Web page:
The Tour De Fleece is a spin-a-long run on Ravelry and the aim of it is simple - to spin every day that the Tour De France rides. Some might say I am a bit of a dill for choosing to do it when the Ravelry events occur smack bang in the middle of it every year, but I enjoy it too much not to, really. This year was extra special because of the awesome Cadel Evans winning the Tour De France after many years trying! There were many very VERY late nights, but now I am all caught up on sleep I can share. 
First off I was consumed with the need to finish the mammoth spin I had been working on for some time, before I could get to anything else. Finish it I did!
There's 500 grams of yarn there. I am proud of a number of things with this spin - to start with, I finished it, and proved to myself I could. Generally speaking I start to get bored with any particular fibre right around the end of a 100g lot. It's like I have some form of colour related attention defecit. But I have proved to myself now that it can be done. I'm also proud of it's consistency - each of the five 100g skeins comes in at 12 wraps per inch, and each of the skeins has between 200 and 217 metres in it. 

Once that was done, there was this optim/soy/bamboo blend which I bought at Ewe Give Me The Knits at Bendigo Sheep and Wool Show nearly 5 years ago now. Two house moves ago, I had spun two thirds of it into singles, aiming for a three ply. I wound the first two lots into balls, stuffed them in a bag with the final third of fibre, then promptly forgot about them. So I dug them out, spun up the final third of the fibre, then plied them together.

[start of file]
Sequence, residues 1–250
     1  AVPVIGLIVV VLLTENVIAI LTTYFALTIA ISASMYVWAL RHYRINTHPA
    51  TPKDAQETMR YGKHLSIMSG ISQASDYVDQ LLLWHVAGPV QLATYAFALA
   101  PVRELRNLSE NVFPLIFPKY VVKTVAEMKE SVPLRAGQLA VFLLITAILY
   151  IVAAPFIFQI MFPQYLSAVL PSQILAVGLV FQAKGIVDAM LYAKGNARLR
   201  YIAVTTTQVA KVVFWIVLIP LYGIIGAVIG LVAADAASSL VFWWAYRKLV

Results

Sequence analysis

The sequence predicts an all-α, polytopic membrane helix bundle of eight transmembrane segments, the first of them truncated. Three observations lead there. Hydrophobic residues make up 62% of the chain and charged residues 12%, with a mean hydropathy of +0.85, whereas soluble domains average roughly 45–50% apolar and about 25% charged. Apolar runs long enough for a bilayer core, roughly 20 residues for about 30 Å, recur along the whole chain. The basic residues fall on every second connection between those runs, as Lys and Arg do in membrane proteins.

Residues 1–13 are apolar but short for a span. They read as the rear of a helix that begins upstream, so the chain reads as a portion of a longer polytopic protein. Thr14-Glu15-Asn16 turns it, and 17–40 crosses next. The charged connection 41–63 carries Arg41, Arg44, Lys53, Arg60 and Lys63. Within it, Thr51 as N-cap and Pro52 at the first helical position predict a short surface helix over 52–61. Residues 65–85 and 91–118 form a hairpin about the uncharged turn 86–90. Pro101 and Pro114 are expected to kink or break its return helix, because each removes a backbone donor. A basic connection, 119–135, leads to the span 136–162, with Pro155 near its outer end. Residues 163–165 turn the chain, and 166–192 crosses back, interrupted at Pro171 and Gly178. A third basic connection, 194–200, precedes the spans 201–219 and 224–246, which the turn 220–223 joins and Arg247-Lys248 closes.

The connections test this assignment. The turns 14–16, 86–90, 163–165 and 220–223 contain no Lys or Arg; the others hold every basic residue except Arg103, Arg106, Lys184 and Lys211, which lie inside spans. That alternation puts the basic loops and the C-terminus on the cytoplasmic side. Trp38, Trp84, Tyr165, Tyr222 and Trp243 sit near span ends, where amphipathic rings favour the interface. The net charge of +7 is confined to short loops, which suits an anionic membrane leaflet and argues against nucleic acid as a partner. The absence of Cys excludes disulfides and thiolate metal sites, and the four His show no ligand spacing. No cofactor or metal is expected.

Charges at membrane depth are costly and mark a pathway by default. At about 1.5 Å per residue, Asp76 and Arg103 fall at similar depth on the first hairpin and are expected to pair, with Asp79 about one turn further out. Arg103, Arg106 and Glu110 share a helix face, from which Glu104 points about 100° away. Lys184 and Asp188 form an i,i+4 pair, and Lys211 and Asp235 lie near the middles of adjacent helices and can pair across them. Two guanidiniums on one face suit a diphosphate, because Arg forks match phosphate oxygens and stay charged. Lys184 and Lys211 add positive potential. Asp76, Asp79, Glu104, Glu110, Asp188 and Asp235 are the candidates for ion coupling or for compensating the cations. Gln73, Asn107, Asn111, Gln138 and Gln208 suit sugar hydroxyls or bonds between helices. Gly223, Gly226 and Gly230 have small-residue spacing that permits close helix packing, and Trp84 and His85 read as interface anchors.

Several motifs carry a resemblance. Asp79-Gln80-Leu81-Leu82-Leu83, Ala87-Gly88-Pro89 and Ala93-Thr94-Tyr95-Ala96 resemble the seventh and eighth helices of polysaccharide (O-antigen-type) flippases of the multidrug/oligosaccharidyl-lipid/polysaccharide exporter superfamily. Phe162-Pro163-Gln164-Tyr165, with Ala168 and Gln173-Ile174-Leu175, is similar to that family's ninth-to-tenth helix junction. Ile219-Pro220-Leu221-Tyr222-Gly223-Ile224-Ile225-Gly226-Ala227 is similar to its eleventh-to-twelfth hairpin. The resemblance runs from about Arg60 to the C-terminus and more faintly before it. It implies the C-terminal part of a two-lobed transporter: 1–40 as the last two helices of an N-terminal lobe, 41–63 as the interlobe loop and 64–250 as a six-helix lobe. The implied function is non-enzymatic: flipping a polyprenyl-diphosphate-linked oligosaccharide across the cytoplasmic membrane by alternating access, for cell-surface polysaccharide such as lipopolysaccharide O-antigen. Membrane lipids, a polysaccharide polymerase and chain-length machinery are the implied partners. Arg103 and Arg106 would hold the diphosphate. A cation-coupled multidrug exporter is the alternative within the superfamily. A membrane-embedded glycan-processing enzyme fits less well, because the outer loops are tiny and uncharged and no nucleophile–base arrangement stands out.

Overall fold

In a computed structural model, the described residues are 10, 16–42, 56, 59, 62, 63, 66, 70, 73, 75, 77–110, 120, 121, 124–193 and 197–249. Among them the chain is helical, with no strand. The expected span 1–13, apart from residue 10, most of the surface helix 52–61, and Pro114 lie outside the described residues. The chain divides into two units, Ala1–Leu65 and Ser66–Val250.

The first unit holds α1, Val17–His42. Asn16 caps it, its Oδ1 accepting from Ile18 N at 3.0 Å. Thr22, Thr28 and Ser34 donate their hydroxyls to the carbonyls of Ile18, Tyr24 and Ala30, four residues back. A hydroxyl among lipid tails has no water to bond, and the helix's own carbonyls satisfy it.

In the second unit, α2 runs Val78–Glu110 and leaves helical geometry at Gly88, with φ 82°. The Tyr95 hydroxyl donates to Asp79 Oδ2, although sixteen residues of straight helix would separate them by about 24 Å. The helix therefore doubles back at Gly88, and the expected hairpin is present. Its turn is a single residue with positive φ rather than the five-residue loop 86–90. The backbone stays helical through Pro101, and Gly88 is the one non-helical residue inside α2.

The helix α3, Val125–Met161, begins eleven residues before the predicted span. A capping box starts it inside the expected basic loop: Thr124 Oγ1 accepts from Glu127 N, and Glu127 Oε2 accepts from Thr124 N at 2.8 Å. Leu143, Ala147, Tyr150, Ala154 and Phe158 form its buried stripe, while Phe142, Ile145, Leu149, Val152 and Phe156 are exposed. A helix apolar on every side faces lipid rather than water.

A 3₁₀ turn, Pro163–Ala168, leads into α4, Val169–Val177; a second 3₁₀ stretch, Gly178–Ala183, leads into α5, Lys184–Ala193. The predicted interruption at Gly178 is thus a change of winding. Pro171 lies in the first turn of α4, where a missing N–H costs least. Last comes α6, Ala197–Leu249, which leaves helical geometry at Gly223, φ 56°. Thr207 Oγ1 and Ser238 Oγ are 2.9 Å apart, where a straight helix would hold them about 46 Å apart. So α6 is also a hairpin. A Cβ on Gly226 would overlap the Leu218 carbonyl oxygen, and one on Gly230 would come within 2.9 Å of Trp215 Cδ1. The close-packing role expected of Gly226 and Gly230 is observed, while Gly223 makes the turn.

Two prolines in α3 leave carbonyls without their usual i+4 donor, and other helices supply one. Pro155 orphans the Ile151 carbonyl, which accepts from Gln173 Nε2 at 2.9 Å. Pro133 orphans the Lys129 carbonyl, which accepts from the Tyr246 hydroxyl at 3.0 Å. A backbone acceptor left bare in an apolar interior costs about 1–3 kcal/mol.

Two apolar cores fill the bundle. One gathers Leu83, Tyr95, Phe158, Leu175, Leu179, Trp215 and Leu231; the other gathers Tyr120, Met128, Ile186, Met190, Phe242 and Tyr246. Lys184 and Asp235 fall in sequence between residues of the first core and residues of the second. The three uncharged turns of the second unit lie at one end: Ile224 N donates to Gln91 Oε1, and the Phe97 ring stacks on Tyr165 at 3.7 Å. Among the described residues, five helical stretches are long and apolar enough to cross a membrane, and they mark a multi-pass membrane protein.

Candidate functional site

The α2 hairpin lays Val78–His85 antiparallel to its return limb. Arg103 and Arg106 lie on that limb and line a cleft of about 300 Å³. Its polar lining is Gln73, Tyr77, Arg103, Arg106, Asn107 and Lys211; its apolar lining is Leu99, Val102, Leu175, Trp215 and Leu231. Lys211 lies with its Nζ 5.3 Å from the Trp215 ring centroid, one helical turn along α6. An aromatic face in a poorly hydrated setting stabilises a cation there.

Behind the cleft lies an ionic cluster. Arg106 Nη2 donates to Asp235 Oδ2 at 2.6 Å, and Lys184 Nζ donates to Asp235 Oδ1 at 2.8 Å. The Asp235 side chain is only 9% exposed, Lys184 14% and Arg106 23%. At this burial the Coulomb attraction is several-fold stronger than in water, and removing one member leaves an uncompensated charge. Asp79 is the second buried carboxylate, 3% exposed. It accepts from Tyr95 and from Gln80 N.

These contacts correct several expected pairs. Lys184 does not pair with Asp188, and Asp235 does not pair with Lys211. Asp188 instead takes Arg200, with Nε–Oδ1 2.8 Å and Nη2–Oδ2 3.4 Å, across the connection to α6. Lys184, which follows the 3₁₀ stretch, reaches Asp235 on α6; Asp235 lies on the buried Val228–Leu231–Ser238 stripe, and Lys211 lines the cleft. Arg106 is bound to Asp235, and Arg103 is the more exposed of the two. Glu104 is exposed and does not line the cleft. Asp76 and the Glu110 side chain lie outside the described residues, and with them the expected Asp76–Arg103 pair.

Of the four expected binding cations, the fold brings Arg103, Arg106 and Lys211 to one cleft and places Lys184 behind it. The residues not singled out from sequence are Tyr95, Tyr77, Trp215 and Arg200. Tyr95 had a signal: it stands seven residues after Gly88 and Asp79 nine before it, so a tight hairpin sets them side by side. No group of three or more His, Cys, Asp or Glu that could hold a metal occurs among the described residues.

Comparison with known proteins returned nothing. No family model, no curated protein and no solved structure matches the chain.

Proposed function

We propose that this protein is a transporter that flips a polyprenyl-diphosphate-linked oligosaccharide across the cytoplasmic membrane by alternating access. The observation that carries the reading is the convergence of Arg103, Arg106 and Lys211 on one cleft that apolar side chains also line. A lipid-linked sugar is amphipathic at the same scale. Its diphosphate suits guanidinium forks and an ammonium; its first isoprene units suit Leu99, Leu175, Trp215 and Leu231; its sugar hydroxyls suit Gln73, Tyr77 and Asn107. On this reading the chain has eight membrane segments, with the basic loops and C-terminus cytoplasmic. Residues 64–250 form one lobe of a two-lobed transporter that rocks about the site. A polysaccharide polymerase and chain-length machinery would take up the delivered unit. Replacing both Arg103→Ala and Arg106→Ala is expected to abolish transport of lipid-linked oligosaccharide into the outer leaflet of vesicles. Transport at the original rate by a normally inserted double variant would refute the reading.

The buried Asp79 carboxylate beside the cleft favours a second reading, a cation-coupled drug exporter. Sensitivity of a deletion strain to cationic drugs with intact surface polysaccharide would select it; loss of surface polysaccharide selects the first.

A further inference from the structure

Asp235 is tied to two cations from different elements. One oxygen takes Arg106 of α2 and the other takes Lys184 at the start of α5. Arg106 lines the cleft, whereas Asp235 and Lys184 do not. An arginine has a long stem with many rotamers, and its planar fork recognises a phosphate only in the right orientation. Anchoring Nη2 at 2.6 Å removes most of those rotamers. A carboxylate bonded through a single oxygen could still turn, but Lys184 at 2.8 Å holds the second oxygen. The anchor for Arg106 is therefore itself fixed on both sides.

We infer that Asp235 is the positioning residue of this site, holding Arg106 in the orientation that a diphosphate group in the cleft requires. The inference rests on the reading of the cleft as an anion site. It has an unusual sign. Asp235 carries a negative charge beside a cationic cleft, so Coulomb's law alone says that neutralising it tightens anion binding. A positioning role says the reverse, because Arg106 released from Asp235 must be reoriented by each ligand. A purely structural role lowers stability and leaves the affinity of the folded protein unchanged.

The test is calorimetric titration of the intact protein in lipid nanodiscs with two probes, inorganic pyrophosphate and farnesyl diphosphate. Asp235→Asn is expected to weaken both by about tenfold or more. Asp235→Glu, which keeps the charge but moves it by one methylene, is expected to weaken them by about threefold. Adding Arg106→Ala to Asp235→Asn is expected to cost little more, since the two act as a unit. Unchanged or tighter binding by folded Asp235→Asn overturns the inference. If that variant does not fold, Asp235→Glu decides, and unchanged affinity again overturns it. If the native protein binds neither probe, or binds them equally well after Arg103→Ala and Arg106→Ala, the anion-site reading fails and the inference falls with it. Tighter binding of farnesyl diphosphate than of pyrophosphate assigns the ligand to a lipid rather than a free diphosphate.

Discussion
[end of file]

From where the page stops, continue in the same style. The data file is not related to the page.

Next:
And again, despite there being a 4-5 year break in between spinning the first two lots of singles and spinning the last lot, when it came time to ply there was less than two metres difference in the length of the three spun lots. Huzzah for consistency!

While I was on a roll of finishing things up I pulled out some Southern Cross Fibre that had been half finished for a few months. One of the Southern Cross Fibre clubs contained two 2oz braids of polwarth/tencel blend in contrasting colours which were just delicious. I spun up the chocolate brown braid pretty much straight away and while I had intended to do the same with it's cherry coloured friend, I had not gotten to it. So I sat down and spun it up, too. 
So I now have two contrasting skeins of luscious shiny goodness and can now dream and imagine about what it wants to become. 

Now that all of the unfinished wheelspins were complete, it was time to focus on something 'new'. So I pulled out two magic balls in 'Lorikeet' that I bought from Ewe Give Me The Knits last year. I split the colours into the braid and arranged them in the proper order of the spectrum, overlapping them slightly. Then I spun them in order, and navajo plied them to retain the colour progression. 
The resulting yarn is roughly an 8 ply, or a dk weight yarn, and when knit up will knit up in a colour progression through the rainbow. The second magic ball I had of this has been spun exactly the same way and is just waiting to be plied.